At a May 15 board meeting for economic development group New Orleans Tourism Marketing Corporation, a boisterous group of hospitality workers and their supporters staged a demonstration and called for better treatment of workers in the city's powerful hospitality and tourism sector.
Around 30 demonstrators, including members of New Orleans Hospitality Workers Committee (NOHWC), New Orleans Workers Group and the People's Assembly, assembled at the public meeting held in a coolly anonymous meeting room upstairs at Manning's Eat-Drink-Cheer. Via a series of short statements to the board, they outlined the story of a restaurant worker who now is critically ill because she couldn't afford health insurance.
Organizers called for the retirement of that worker's medical debt and for the creation of a free health care clinic for industry workers, paid for by the city's 13 percent hotel occupancy tax
"How dare you justify that with all these millions that you're taking ... [workers have] no sick days, no vacations, no pensions?" New Orleans Workers Group organizer Gavrielle Gemma said. "This is the beginning of a movement that's going to hold this city accountable."
The demonstration was part of a series of events over the past several months that have indicated organizing among the 88,000 hospitality industry workers in the metropolitan area. NOHWC has staged several demonstrations and marches, including a march against sexual harassment that ended with in a confrontation with management at a Frenchmen Street nightclub where a worker said she had been harassed. In January, mobilized strip club workers garnered national media attention
with activism protesting law enforcement raids that put hundreds out of work.
Elsewhere, workers have moved to unionize at a number of hotels and restaurants, including successful union drives at Hilton New Orleans Riverside and Harrah's New Orleans Hotel and Casino, which was just visible through the window at today's meeting.
In their statements to the board, workers criticized the way an ever-more-profitable New Orleans tourism industry has not seen its gains trickle down to workers. As a recent press release from New Orleans Convention & Visitors Bureau announced, 17.74 million visitors to the city spent $8.7 billion in its economy in 2017 — but workers said that just means longer hours and harder work, on wages that don't feel like they're growing.
"It could never be done without us ... [but] workers in this industry continue to barely scrape by," Lita Farquhar, an organizer with NOHWC, said. She read from a long list of the types of workers, including dancers, musicians, barkers, door staff, valets, tour guides, cabbies and others whose combined efforts are necessary to make the industry run smoothly, and enumerated the systemic problems — including inadequate child care and faltering public transit — that make it hard for them to get ahead.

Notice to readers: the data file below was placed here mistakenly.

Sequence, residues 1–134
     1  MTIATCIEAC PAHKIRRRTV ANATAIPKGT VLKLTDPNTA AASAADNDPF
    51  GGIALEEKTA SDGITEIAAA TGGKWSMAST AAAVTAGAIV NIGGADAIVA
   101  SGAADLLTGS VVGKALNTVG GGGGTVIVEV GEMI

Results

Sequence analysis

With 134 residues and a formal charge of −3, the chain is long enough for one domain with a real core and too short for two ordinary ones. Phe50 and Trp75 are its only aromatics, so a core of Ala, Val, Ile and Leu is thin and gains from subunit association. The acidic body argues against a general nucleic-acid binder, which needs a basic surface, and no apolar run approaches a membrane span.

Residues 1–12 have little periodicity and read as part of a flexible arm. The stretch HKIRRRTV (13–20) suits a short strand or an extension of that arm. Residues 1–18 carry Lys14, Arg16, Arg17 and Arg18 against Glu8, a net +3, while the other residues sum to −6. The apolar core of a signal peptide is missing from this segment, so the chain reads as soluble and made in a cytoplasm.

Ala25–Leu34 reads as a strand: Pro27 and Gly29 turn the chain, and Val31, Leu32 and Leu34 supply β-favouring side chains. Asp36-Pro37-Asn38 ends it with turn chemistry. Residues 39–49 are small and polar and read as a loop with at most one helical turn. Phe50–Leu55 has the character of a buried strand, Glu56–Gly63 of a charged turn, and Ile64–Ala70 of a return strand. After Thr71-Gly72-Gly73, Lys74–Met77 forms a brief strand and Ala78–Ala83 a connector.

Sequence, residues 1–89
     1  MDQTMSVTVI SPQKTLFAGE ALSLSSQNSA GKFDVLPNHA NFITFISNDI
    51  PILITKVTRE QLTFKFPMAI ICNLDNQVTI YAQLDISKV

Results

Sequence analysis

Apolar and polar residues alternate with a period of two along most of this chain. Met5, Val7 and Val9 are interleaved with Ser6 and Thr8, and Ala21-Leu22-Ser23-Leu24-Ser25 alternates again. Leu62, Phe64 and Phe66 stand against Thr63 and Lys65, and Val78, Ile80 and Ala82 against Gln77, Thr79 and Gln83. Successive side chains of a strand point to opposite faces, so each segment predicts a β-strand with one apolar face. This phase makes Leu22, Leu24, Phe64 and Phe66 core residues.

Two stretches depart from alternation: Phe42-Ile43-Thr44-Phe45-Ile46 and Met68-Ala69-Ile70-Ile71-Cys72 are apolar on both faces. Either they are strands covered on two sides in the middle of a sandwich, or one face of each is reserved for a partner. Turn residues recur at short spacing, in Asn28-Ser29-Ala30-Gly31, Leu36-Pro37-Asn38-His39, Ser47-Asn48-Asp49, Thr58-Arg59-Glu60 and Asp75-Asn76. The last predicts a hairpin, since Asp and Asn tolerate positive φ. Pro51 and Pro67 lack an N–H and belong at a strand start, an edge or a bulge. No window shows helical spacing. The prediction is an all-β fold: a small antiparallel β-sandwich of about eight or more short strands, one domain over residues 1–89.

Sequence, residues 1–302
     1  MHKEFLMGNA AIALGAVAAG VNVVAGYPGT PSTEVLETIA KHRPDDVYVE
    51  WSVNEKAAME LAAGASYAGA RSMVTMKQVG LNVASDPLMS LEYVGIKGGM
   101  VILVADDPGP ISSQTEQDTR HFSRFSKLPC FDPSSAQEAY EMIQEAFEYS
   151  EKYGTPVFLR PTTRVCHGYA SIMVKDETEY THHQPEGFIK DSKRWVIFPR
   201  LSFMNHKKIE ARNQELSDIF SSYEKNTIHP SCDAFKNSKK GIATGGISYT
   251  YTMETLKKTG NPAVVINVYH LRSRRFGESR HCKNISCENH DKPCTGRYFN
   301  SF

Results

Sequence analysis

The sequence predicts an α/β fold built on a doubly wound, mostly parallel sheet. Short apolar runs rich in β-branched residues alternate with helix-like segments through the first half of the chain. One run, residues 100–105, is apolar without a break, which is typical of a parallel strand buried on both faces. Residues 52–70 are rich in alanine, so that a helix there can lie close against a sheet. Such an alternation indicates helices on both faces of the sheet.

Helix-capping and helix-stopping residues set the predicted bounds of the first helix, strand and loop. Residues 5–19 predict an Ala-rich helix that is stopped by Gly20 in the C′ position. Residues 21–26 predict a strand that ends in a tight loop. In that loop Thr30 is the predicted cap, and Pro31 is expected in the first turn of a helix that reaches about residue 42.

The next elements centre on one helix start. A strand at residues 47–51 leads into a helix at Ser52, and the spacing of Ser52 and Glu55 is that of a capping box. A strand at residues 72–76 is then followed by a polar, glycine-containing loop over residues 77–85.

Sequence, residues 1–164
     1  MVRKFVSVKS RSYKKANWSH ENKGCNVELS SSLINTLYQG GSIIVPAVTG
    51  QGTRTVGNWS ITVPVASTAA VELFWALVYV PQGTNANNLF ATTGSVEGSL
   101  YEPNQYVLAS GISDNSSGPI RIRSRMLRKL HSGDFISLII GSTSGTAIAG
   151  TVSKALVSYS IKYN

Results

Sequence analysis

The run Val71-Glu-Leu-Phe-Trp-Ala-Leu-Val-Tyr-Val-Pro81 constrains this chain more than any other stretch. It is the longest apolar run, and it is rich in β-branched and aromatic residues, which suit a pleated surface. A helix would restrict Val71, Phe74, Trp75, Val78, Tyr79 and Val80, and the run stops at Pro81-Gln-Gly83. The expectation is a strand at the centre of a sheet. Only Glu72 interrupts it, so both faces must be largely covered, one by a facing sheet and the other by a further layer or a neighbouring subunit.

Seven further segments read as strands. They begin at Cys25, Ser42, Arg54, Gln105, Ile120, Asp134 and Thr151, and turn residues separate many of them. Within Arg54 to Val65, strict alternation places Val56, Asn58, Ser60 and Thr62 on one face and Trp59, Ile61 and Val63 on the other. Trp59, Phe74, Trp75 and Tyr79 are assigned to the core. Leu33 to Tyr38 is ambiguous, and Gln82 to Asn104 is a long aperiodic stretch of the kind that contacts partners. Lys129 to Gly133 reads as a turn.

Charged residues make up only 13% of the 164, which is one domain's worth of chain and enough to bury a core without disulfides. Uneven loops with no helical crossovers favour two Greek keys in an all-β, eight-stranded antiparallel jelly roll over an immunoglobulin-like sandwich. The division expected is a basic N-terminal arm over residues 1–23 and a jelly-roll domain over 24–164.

Several speakers returned to the story of the uninsured restaurant worker, who recently was hospitalized at University Medical Center and has been told her delaying treatment (due to lack of health insurance) has endangered her chances of survival. Health care is a particular sticking point for the hospitality industry, where insurance coverage isn't always offered by employers and paid sick days are rare.
"Working while sick is disgusting and a huge public health issue ... [but] these poverty wages can't afford you a trip to the hospital," Lily Moore, a hospitality industry worker, told the board.
The group told the board it expected a response to its proposal of a free clinic within 10 days. Chanting "We are the ones who make your profit; we are dying when you can stop it," the group filed out, its organizers accepting a business card from board member and At-Large New Orleans City Councilman Jason Williams.
In a short phone interview after the meeting, New Orleans Tourism Marketing Corporation President Mark Romig said he "deeply appreciated" the workers' attendance at the meeting.
Though he said he had to confer with other members of the board, he said he's "very open" to meeting further with the group to discuss their concerns.
"I'm glad they were here, and I'm glad they spoke their truth. ... I respect what they're doing, and I appreciate their passion," he said.
NOHWC organizer Ashlee Pintos said the hospitality group plans to apply further pressure if they don't receive a response within their proposed timeline, emphasizing that "workers create the possibility of tourism."
"I don't think they're really taking [this] seriously. I hope that they do," she said.